On 20 July 2018, the Executive Board of the International Monetary Fund (IMF) discussed a staff evaluation of the fund’s facilities for low-income countries (LICs).
The current toolkit of fund facilities for LICs, introduced in 2009, comprises:
- the Extended Credit Facility (ECF), aimed at helping countries tackle protracted balance of payments problems;
- the Standby Credit Facility (SCF), aimed at helping countries tackle short-term balance of payments problems or to put in place precautionary financing to respond to unexpected shocks;
- the Rapid Credit Facility (RCF), which provides emergency finance to countries hit by adverse exogenous shocks (including natural disasters) and financing to countries not yet in a position to enter into a Fund-supported arrangement (such as the ECF);
- the Policy Support Instrument (PSI), which provides countries with a means of signalling strong economic policies along with a framework for provision of IMF policy advice and technical assistance.
Financial support under these facilities is provided on concessional terms, with interest rates currently at 0%. Resources to provide concessional loans are secured through lending agreements at market interest rates between member countries and the Poverty Reduction and Growth Trust (PRGT) that are subsequently on-lent to eligible LICs under the various concessional windows; the subsidies needed to provide low (zero) interest rates come from the PRGT, which is administered by the IMF and operates on a self-sustaining basis.
Given the limited amount of subsidy resources, access to concessional lending is subject to annual and cumulative limits. These limits were doubled (in SDR terms) as part of the overhaul of facilities in 2009; they were increased by a further 50% in 2015. The limits constrain LICs’ access to resources on concessional terms; LICs can also borrow on non-concessional terms from the Fund’s General Resources Account (GRA), subject to the same conditions as all other Fund member countries.
The macroeconomic challenges of LICs have evolved since the last review of the LIC facilities was completed in 2013. Adverse commodity price shocks and overly loose fiscal policies have contributed to rising debt levels and financing needs in many countries, while many countries, especially smaller ones, are increasingly vulnerable to large natural disasters. At the same time, many LICs less dependent on commodity exports have enjoyed robust growth in recent years, with contained vulnerabilities and only episodic need for Fund financing.
This review examines whether the basic structure of LIC facilities remains broadly appropriate to meet members’ evolving needs; looks at the case for increasing access limits and modifying financing terms; and evaluates the case for specific adjustments to the facilities to ensure they appropriately address the financing needs of LICs.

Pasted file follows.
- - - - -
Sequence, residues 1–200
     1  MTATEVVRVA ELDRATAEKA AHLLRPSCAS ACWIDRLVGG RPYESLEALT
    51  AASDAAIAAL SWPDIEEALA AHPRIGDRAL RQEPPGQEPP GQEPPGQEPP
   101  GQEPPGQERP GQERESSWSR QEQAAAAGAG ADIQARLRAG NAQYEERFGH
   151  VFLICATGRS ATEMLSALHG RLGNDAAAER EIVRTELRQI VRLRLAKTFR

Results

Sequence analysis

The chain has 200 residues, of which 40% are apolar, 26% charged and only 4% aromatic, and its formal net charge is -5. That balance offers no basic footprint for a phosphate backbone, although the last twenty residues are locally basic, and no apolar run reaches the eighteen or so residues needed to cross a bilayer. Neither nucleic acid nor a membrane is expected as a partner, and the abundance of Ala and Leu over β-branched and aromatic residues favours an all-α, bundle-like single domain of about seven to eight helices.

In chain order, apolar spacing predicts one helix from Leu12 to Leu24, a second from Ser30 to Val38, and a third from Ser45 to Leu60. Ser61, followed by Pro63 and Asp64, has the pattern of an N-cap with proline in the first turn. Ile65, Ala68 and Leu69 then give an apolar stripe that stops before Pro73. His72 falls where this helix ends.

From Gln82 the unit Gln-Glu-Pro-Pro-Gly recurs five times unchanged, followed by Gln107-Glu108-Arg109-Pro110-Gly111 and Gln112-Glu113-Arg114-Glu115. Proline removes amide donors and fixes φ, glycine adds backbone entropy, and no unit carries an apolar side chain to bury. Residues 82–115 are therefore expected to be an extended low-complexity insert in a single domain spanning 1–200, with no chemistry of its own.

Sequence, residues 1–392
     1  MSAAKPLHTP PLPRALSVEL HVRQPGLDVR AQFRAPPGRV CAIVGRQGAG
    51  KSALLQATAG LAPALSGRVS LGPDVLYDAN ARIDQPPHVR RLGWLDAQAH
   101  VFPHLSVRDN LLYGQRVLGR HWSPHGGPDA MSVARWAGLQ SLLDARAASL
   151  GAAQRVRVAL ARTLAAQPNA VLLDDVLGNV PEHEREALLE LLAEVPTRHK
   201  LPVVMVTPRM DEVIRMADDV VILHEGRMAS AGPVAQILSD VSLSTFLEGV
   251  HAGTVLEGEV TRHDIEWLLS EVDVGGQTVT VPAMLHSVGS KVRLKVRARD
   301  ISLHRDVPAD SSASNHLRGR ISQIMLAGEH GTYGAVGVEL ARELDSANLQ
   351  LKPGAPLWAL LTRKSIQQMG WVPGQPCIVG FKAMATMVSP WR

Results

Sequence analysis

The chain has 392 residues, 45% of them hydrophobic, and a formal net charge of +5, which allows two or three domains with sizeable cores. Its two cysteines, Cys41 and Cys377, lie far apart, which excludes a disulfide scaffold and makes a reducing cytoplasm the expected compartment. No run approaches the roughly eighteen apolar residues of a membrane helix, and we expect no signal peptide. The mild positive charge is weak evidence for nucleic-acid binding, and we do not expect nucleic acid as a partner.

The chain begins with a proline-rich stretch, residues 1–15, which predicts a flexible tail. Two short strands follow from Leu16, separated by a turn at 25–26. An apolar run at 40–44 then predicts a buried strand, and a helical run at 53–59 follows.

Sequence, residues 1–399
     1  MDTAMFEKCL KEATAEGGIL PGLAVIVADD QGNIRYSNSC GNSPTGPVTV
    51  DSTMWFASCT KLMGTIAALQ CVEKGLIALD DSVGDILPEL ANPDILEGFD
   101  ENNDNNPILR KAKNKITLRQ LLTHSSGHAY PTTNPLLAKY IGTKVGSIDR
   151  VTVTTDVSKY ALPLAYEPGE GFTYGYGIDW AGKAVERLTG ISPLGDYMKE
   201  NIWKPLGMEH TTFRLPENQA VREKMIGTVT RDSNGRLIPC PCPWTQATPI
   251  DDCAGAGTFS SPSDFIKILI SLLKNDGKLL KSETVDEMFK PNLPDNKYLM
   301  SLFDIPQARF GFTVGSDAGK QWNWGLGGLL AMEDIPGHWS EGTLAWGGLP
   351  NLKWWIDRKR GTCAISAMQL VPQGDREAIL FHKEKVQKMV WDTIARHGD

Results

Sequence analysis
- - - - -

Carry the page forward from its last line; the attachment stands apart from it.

This review is taking a two-step approach. The first step, completed with the Board’s discussion on 20 July, includes both an evaluation of the experience with use of the concessional facilities and an examination of options for modifying the existing facilities. Based on today’s assessment by the Executive Board, staff will prepare specific proposals for Board discussion and approval in early-2019. Work on the LIC facilities review is aligned with the ongoing Review of Conditionality and Design of Fund-Supported Programmes.
Executive Board Assessment 
Executive directors welcomed the opportunity to discuss the Fund’s facilities for supporting Low Income Countries (LICs) and provide preliminary views. They agreed that the basic architecture of Low‑Income Country (LIC) facilities has generally enabled fund support to the diverse needs of LICs and that it remains broadly appropriate. directors saw merit in reassessing selected features of the existing facilities to make IMF engagement with low‑income countries more effective. At the same time, a number of directors noted that this reassessment should take into account rising debt vulnerabilities and financial risks to the PRGT. directors also emphasised that the fund can play a valuable role in LICs through policy advice, capacity development, and by helping to catalyse further financial support from development partners.
Directors noted that the Extended Credit Facility (ECF) and the Standby Credit Facility (SCF) have been valuable components of the LIC facilities toolkit. The Rapid Credit Facility (RCF), which has been widely used to respond to emergency financing needs, and the Policy Support Instrument (PSI), which has served to support policies and as a signalling device are also important features of this toolkit.
While directors welcomed the analysis in the papers, many directors looked forward to a deeper examination of the effectiveness of the LIC Facilities in meeting their objectives; the fund’s role in catalysing resources from development partners; and the specific quantitative impact of individual reform proposals on the self‑sustained lending capacity of the PRGT as inputs for the next board meeting on this topic.
Many directors underscored that longer programmes are needed for LICs to make significant progress towards a sustainable position. A number of directors also noted the positive role holistic, medium‑term country strategies could play to anchor successive programmes and aid the integration with technical assistance and policy advice.